HL Deb 25 February 1988 vol 493 cc1287-8
Lord Boyd-Carpenter

My Lords, I beg leave to ask the Question standing in my name on the Order Paper.

The Question was as follows:

To ask Her Majesty's Government when they intend to abolish the Dock Labour Board.

The Secretary of State for Trade and Industry (Lord Young of Graffham)

My Lords, the Government are well aware of the views of many Members of your Lordships' House about the drawbacks of the dock labour scheme. However, as has been made clear in another place, there are no plans at present to change the operation of the scheme.

Lord Boyd-Carpenter

My Lords, while thanking my noble friend, as I must, for that reply, may I ask whether he is aware of the damage that the scheme has caused to a number of ports including the Port of London, formerly the greatest port in the world? Are the Government happy to see the scheme continue, even though its power of mischief is somewhat reduced by the fact that it has already eliminated so much?

Lord Young of Graffham

My Lords, I am grateful to my noble friend for following the convention of thanking me for my Answer. We are aware of the many drawbacks of the dock labour scheme and some of the harm that it has caused to ports in the past. However, there are no plans at present to change the operation of the scheme.

Lord Mellish

My Lords, can the Minister give more detail about the alleged irregularity of the unions with regard to the implementation of the scheme? Is it not a fact that unions have not made trouble for employers and developers? If that is so, why do we not leave well alone?

Lord Young of Graffham

My Lords, it is true that there has been comparatively little industrial action in the ports, but I believe that that has much more to do with the economics of running the ports themselves than the actions of the unions. However, that is a matter on which those who run the ports are far better qualified to speak than I.

Lord Crickhowell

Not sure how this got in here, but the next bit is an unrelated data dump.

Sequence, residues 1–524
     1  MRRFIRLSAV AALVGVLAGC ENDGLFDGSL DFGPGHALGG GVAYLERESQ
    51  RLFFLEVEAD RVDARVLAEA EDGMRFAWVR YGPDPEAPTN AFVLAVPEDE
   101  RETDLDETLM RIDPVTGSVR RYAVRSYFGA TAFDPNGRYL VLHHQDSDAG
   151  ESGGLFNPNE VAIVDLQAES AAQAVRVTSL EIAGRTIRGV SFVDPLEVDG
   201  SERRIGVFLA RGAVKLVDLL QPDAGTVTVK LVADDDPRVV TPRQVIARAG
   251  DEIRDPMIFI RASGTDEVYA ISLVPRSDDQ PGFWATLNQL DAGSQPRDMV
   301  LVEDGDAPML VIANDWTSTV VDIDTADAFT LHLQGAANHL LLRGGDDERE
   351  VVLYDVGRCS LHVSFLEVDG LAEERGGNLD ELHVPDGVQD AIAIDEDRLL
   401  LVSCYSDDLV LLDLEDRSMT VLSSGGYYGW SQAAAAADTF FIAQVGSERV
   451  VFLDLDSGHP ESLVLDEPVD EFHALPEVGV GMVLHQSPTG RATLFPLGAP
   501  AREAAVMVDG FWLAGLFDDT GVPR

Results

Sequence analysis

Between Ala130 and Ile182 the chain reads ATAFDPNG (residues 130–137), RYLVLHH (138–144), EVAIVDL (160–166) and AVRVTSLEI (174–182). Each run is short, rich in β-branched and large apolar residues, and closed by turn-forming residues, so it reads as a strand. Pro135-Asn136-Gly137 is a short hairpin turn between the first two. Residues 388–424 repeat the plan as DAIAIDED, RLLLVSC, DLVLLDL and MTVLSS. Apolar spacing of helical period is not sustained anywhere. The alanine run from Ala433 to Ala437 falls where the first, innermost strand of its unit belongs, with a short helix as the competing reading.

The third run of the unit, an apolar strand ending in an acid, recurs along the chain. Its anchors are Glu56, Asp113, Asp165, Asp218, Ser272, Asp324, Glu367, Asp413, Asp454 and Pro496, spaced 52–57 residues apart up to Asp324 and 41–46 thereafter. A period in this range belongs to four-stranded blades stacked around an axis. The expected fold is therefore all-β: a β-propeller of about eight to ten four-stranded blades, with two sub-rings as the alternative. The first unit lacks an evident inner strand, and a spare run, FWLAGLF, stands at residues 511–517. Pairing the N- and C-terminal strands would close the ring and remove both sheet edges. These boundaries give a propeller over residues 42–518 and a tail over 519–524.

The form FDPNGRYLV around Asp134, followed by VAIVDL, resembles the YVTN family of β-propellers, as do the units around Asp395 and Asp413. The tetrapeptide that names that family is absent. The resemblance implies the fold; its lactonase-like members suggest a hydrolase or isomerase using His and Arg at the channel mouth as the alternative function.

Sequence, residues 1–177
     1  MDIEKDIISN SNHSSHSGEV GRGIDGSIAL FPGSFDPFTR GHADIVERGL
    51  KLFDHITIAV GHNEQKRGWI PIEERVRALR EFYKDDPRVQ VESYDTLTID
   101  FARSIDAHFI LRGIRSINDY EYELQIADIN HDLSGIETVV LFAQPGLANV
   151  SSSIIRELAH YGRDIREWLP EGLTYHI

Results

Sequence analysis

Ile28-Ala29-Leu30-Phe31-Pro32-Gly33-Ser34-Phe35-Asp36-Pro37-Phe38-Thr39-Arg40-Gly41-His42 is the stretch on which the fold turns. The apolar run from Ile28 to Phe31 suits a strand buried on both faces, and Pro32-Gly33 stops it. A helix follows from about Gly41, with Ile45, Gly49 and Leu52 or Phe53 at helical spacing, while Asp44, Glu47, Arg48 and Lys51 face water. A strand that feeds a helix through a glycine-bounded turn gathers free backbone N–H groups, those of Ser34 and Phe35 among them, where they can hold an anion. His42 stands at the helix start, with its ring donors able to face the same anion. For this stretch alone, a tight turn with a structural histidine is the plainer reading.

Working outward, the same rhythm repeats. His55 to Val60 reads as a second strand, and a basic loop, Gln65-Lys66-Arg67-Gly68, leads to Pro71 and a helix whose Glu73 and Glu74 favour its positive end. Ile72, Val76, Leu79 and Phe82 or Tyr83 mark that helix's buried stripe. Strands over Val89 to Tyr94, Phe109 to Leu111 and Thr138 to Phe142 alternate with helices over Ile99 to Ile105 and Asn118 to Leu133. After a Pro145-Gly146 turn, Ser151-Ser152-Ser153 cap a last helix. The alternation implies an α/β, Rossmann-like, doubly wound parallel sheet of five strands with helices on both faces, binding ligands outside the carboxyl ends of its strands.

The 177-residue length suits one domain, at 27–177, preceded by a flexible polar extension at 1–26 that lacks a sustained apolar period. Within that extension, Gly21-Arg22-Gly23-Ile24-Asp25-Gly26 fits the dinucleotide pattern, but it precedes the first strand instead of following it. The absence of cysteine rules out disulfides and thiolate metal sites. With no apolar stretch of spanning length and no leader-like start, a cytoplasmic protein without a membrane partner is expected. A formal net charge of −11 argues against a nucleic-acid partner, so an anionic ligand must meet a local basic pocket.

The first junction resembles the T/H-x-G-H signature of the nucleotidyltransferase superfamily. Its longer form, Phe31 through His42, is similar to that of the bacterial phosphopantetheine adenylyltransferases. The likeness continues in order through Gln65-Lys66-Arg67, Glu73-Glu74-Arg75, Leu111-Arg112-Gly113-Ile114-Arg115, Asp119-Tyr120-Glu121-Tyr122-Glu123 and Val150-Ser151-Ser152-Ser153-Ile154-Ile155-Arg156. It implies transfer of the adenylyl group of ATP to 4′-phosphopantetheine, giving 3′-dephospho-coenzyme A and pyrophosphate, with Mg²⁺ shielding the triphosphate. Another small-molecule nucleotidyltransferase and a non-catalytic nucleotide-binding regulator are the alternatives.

My Lords, perhaps I may declare an interest as a director of the company which employs the largest number of registered dock workers. Will the Government not prepare legislation to bring an end to this scheme? It distorts trade, blights the ports involved, causes serious injustice between workers inside and outside the scheme who are working alongside each other in a port, prevents the recruitment of young workers and is totally in opposition to all the principles for which this Government stand. The average age of workers in the scheme nationally is about 47; but this week I visited a port where the average age is 52. The scheme will not wither on the vine. Will the Government do something about it?

Lord Young of Graffham

My Lords, I am grateful to my noble friend. I am aware of the many defects of the scheme. There are no plans for legislation at the present time. But, of course, I cannot speculate on what view might be taken in the future.

Baroness Turner of Camden

My Lords, I thank the Minister for that response. I am glad to learn that there are no plans at the present time to change the scheme. May I seek an assurance that if at some time in the future there are plans to make changes these will only be embarked upon after full consultation with both sides of the industry?

Lord Young of Graffham

My Lords, I think that we shall have to wait to see what happens should the Government develop plans to deal with the scheme at some time in the future.

Lord Tordoff

My Lords, as it was not an unreasonable request, I should like to reinforce the question which the noble Baroness put to the Minister. Surely, both sides of the industry ought to be consulted. Will the Minister give that assurance?

Lord Young of Graffham

No, my Lords.

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